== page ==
A memorial service for Steven Holcomb has taken place at Lake Placid ©Team USA

Hundreds of people gathered at the Olympic Conference Center on Thursday (May 11) to celebrate the life of Winter Olympic bobsleigh gold medallist Steven Holcomb.

On May 6, Holcomb was discovered to have died in his room at the Olympic Training Center in Lake Placid, New York, the United States Olympic Committee confirmed.

He was only 37-years-old.

In a statement released by USA Bobsled and Skeleton on May 7, a preliminary report released by the Adirondack Medical Center in Saranac Lake, New York suggested pulmonary congestion as a possible cause of Holcomb's death.

At the venue, also in Lake Placid, a giant photo of Holcomb pulling off his bobsleigh kit to reveal a Superman t-shirt acted as a backdrop for the evening, which was attended by USA Bobsled and Skeleton chief executive Darrin Steele, Olympic Sports Complex general manager Tony Carlino and International Bobsleigh and Skeleton Federation (IBSF) President Ivo Ferriani among others.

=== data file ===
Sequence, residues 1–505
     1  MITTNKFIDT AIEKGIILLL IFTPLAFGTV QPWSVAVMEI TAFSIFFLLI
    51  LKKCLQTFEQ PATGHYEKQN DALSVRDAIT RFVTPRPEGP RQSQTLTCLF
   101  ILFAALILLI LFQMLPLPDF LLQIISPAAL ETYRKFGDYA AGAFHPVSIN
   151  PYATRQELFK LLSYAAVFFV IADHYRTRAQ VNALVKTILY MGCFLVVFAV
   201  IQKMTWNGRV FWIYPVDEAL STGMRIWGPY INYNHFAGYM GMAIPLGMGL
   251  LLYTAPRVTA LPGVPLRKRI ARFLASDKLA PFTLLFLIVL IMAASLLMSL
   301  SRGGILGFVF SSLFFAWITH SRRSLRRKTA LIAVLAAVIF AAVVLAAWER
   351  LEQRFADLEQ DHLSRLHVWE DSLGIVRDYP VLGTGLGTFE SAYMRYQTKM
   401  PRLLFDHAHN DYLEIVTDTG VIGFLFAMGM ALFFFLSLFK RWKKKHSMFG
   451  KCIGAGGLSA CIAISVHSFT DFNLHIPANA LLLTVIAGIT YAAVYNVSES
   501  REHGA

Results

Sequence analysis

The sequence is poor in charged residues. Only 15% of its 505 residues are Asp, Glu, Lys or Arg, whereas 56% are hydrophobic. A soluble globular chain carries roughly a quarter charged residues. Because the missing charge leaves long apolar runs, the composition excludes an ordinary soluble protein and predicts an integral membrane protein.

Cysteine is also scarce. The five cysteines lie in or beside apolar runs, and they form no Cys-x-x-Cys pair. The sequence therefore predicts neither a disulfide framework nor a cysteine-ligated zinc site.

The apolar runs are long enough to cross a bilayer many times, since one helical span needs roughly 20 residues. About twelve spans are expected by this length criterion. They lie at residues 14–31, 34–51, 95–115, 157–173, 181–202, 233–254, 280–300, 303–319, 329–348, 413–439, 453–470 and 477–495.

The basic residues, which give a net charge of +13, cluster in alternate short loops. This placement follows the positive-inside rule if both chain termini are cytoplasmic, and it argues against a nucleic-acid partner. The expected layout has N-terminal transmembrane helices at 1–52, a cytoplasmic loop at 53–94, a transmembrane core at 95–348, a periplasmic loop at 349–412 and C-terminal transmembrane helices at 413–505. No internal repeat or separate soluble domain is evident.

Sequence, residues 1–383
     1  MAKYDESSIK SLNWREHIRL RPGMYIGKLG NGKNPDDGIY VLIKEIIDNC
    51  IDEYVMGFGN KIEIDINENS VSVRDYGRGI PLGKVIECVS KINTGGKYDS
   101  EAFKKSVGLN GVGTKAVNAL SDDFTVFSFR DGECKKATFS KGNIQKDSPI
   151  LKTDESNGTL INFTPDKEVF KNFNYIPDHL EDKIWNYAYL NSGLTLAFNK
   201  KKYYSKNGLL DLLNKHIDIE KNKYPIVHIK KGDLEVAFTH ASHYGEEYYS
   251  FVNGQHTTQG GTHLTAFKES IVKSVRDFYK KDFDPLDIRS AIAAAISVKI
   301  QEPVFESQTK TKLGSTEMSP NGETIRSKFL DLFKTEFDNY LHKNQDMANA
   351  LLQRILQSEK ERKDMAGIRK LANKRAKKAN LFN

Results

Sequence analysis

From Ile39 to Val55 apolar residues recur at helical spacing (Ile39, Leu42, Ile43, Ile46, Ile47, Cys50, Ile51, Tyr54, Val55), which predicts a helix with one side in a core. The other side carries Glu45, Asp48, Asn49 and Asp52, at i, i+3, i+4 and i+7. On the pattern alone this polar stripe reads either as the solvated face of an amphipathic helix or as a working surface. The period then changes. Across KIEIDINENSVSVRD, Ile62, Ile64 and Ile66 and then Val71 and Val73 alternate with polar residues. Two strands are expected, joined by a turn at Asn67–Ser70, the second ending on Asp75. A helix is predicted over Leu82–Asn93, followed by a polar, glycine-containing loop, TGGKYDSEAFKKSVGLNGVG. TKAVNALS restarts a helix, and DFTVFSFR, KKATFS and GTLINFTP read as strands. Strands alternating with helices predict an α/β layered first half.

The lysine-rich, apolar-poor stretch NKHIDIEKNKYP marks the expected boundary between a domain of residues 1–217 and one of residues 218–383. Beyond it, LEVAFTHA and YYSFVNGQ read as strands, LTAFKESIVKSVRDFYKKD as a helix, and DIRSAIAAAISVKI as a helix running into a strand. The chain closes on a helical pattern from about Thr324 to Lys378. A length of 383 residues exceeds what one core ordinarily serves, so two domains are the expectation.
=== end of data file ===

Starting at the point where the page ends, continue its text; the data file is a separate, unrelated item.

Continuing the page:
Holcomb piloted the US four-man team to the Olympic title at Vancouver 2010, where he was joined by pushers Steve Mesler, Curtis Tomasevicz and Justin Olsen.

Together they were known as the "Night Train".

Holcomb also won two-man and four-man bronze at the Sochi 2014 Olympics and had five World Championship gold medals to his name.

Steven Holcomb died at the age of 37 last week ©Getty Images
Steven Holcomb died at the age of 37 last week ©Getty Images

He won six overall titles on the IBSF World Cup circuit, where he won 60 medals in all.

All of his prizes were on display at the service. 

Holcomb's coach Brian Shimer said that the American would go on to inspire future athletes in years to come.

“That bond will never be broken, and love will never get lost,” said Shimer.

“I’ve never coached a season without Steve.

"We came a long way.

"He will continue to inspire our athletes to follow their dreams.”